The Dragonfly is arguably the nicest fly you can have in a flexwing; certainly, Neill (with 1500 hrs in various types) thinks so. When the weather is right and when it is flying to spec, it is superb.
But though I have deliberately worked a four day week this year in order to be able to fly on Fridays, I cannot remember a Friday when that has actually happened. While I have watched heavier aircraft take off and fly away on windy days, I have been grounded....What they don't advertise with SSDR is that the weather in this country is very often not condusive to nano-light flying.
............And on those days when it has been flyable I have found the Bailey 175 temperamental.
Ben Ashman says on his videos that the engine "starts every time". Well, I am by no means the only Dragonflyer who has found that the battery is often insufficiently gutsy to start the engine, which does not have a primer...so that if your system is drained (as it should be for packing up and transporting) it takes a lot of its juice pumping the fuel up to the carburetter. I soon learned my lesson and wired in a charging circuit and bought two spare batteries....rather than be stranded without power to start, miles from home. And eventually I learned to raise the fuel by blowing into the tank with a syphon tube (but you have to be careful not to flood the carb).
But more hairy than the engine not starting on the ground was my plane's tendency to suddenly stop in the air, which it did three times in 15 months (and a further 3 times when I tested it, while trying to solve the problem)...oh, and not forgetting the emergency landing when the throttle was slipping!! Early last year she stopped at 600' when I was climbing, a problem put down to not filtering fuel, despite having done so religiously with a filter Ben sold me - so that was a mystery - but interestingly, the problem repeated itself a month or so ago, when I was climbing from 1500'. Eventually, after two weeks' diagnostics, Paul Bailey concluded the carb was faulty. Presumably it always had been, and the problem was just biding its time to pull a repeat of that stunt. Previously, Bailey's had suggested my problems were due to varnishing in the carb, and had advised me cleaning it, which I did.
That first engine failure put paid to a reciprocal arrangement I had with a fellow ex-student mate. We'd said that he'd get a Quantum and I would get a Dragonfly...and we'd each swap planes occasionally, so that we'd have the best of both worlds. But after that, he said there was no way he was going to trust mine.
Then there was that big end bearing failure which meant that I ended up crash landing on take-off. The rebuilding of the engine cost me nothing - Bailey's, I suppose, felt it was their responsibility-, but it cost me in terms of replacement parts for the airframe...and potentially might have cost me a sale when it came to putting it on the market, especially as I have made a point of blogging my troubles.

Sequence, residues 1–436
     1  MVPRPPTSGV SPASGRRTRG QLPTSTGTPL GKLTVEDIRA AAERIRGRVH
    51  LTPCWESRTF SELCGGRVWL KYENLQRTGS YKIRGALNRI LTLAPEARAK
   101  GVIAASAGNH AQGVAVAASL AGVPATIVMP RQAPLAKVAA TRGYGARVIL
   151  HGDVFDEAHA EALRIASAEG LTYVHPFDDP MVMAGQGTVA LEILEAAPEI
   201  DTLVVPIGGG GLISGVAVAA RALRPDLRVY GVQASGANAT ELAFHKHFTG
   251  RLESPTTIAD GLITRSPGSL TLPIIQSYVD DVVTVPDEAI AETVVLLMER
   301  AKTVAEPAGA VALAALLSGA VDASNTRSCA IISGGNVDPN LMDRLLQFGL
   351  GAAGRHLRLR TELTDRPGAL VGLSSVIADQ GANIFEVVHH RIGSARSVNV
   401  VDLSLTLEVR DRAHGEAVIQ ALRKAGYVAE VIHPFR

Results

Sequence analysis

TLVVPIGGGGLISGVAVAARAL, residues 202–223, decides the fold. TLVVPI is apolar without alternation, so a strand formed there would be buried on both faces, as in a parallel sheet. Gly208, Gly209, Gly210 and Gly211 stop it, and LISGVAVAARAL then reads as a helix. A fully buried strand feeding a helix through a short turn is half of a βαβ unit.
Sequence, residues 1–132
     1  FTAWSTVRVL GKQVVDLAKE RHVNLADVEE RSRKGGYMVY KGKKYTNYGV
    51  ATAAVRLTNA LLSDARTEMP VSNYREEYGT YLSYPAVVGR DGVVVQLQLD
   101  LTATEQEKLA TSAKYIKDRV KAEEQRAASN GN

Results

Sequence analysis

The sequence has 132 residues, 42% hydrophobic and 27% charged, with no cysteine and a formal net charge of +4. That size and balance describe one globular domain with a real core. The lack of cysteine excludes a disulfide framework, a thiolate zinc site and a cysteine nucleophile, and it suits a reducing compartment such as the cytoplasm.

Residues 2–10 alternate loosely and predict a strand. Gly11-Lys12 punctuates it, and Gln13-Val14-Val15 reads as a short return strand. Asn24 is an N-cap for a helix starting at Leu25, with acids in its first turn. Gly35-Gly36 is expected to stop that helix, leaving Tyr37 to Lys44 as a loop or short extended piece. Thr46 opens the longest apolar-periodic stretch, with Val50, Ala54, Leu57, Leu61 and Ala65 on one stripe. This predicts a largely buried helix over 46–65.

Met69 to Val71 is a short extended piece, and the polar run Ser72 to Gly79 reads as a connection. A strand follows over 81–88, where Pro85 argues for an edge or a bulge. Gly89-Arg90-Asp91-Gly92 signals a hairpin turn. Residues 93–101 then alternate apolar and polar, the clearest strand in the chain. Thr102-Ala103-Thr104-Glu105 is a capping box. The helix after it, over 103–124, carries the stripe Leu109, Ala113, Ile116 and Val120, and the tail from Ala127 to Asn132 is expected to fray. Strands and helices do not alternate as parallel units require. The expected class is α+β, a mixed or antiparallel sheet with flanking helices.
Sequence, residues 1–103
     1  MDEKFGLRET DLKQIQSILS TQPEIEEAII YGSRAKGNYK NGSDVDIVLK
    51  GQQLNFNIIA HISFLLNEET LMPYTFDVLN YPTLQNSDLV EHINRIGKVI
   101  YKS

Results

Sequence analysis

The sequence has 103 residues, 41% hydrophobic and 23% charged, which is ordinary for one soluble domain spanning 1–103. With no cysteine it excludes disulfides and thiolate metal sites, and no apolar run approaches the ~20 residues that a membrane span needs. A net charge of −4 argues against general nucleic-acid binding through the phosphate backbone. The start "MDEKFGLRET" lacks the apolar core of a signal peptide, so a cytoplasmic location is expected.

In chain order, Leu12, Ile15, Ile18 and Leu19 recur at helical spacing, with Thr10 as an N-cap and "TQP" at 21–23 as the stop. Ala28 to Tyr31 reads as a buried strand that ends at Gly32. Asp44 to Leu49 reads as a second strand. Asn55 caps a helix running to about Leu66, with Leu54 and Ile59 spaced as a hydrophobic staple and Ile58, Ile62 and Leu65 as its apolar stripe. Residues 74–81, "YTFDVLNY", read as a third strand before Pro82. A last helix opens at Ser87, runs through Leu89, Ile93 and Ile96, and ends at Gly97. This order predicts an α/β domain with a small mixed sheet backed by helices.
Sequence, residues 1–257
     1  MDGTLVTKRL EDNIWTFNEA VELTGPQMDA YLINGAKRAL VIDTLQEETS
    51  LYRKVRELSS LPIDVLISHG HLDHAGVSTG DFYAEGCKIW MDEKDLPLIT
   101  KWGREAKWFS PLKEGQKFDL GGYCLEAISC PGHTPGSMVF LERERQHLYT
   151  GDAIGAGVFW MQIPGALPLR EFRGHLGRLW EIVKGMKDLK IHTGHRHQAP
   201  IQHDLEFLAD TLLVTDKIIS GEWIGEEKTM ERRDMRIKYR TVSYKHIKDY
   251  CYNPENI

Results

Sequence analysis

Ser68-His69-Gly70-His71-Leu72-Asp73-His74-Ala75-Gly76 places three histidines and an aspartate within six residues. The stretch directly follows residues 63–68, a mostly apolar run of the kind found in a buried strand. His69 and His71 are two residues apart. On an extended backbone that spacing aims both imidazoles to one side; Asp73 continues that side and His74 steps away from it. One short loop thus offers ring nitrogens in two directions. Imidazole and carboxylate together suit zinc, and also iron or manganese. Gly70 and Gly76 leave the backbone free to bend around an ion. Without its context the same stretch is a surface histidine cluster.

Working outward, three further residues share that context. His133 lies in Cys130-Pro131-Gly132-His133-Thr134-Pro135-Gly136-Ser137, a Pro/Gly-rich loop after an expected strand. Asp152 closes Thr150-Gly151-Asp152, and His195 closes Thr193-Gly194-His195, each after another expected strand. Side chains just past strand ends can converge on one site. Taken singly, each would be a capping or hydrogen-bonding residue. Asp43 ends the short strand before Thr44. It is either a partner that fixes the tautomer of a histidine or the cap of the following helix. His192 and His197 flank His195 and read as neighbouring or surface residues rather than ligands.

And worse still, the succession of failures cost me in terms of my own confidence in the plane. I stopped retracting the undercarriage and stopped thermalling, because I could never be confident I wouldn't need to do an emergency landing if the engine refused to restart.
The chap who has bought G-CFKK (and who knows all the troubles I have had - from this blog and also from my tech-log...and who has added quite a lot of comments to the blog about them) has a beefed up big end, new carburetter, fuel pump and fuel lines, new nose wheel, front strut, monopole, quick release prop, new foot throttle...in fact, practically a new plane. He should have no trouble because loads of the plane is new. It flew great last weekend, and I am pleased I had the chance to have a good experience of the plane before it went, but I am glad it has gone.
The bit I resent most about my Dragonfly's engine failures is that they completely put my girlfriend off flying. Flying was a passion we shared and she had done most of her first 25 hours of instruction when she decided that it wasn't for her, not if she was ever likely to have to ditch in a field and be stranded, alone, miles from home. She was a talented student and as not one of my emergency landings was down to pilot error, how could she trust that a crash landing wasn't going to happen to her sooner or later too? ....especially as they didn't seem to be too exceptional!
When it flies well, the Dragonfly is wonderful, but quite honestly it is miserable not being able to trust it completely. I am sure it is largely a psychological thing -after all, other Dragonfliers have got in loads of hours without problems, but I need to be able to trust a plane in order to fly it, and G-CFKK has done much to justify my lack of trust in her.
Part of why I sold was so that I can afford to do 3-axis, and now that is possible, but whatever I fly in future, I am glad that Dragonflying is behind me.